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Originally published Friday, June 7, 2013 at 5:17 PM

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Stock market jumps on report of steady job growth last month

It was a good day for the Dow, but the trend falls far short of bringing the U.S. back to full employment.

The New York Times

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U.S. employers added 175,000 jobs in May, almost exactly the average monthly job growth over the last year, the Labor Department reported Friday, while the unemployment rate ticked up to 7.6 from 7.5 percent in April.

Economists were relieved the numbers weren’t worse, given a string of other disappointing data in recent weeks, but noted that recent job trends are nowhere close to bringing the country back to full employment.

Steady growth in hiring last month sent the stock market sharply higher.

The Dow Jones industrial average had its best day in five months. It rose 207 points, or 1.4 percent, to close at 15,248.12. That gain was surpassed this year only by its 2.4 percent rise Jan.  2.

Boeing, a Dow component, led the index higher with a gain of $2.73, or 2.7 percent, to $102.49. Twenty-six of the 30 stocks in the Dow rose.

The Standard & Poor’s 500 index rose 20.82 points, or 1.3 percent, to 1,643.38. The Nasdaq composite rose 45.16 points, or 1.3 percent, to 3,469.22.

At the current pace of job and population growth, it would take nearly five years to get the economy back to the low unemployment rate it enjoyed when the recession officially began in December 2007.

“I feel hopeless, and that just makes it hard,” said Sherry Lockhart, 53, of Enumclaw. She was laid off by the state’s Liquor Control Board a year ago, when voters privatized liquor sales, and her jobless benefits are about to be slashed as a result of federal spending cuts. “I just feel I’ve done my best over the years, and I feel like I haven’t failed the system. The system has failed me, and millions more (people).”

Still, the cause behind the uptick in the unemployment rate, at least, was mildly encouraging: More people joined the labor force, perhaps indicating that Americans who have been sitting on the sidelines feel they finally have a chance at finding a job.

“It’s a decent report, but it’s not by any means robust,” said Conrad DeQuadros, senior economist at RDQ Economics, a research firm.

“It’s certainly not strong enough to get the Fed to make any significant changes at its meeting in June,” he said, referring to speculation the Federal Reserve might consider tapering its stimulus measures if the jobs numbers came in strong.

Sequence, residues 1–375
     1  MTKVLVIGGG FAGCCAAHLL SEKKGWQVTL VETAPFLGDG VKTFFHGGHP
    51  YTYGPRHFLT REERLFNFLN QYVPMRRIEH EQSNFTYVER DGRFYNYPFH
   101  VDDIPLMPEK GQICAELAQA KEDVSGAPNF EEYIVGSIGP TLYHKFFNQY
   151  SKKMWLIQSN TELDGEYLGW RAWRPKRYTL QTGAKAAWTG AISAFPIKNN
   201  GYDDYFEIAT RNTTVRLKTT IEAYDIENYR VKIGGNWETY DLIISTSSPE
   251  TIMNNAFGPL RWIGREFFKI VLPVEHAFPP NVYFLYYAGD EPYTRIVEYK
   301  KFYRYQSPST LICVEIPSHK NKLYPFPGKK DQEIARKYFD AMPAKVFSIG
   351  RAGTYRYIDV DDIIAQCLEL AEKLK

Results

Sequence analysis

Consumers have also been relatively upbeat recently. A New York Times/CBS News poll conducted May 31 to June 4 found that 39 percent of respondents think the condition of the economy is very or fairly good, the highest share saying this since President Obama took office and even since the recession began.

Despite signs of optimism from consumers and investors, other indicators of the health of the economy and the job market have been mixed. Average weekly hours and average hourly earnings, for example, have shown little improvement in recent months, according to the Labor Department. Wages are up 2 percent from a year earlier, which bodes poorly for consumer spending.

“The wage gains are very disconcerting, and particularly strange when you see these surveys of employers who say they have positions they can’t fill,” said Ian Shepherdson, chief economist at Pantheon Macroeconomics. “That means they should be bidding up wages.”

Wage growth may be held back by the composition of new jobs being created, he said, as there are a lot of jobs being added in low-paying sectors like retail. Restaurants and bars, for example, have added 337,000 jobs over the last year, and that category now makes up about 7.6 percent of all payroll jobs, its largest share on record.

The other big industry to add jobs in May was professional and business services, particularly in temporary-help services. Temp-services employment has been growing for six straight months now, and as of May, about 2 percent of all U.S. jobs were in the sector.

The federal government, on the other hand, lost 14,000 jobs in May, presumably a result of the across-the-board federal spending cuts, known as the sequester, implemented by Congress in March.

“With the recovery gaining traction, now is not the time for Washington to impose self-inflicted wounds on the economy,” said Alan Krueger, Obama’s chairman of the Council of Economic Advisers, in a statement. “The administration continues to urge Congress to replace the sequester with balanced deficit reduction, while working to put in place measures to create middle-class jobs, such as by rebuilding our roads and bridges and promoting American manufacturing.”

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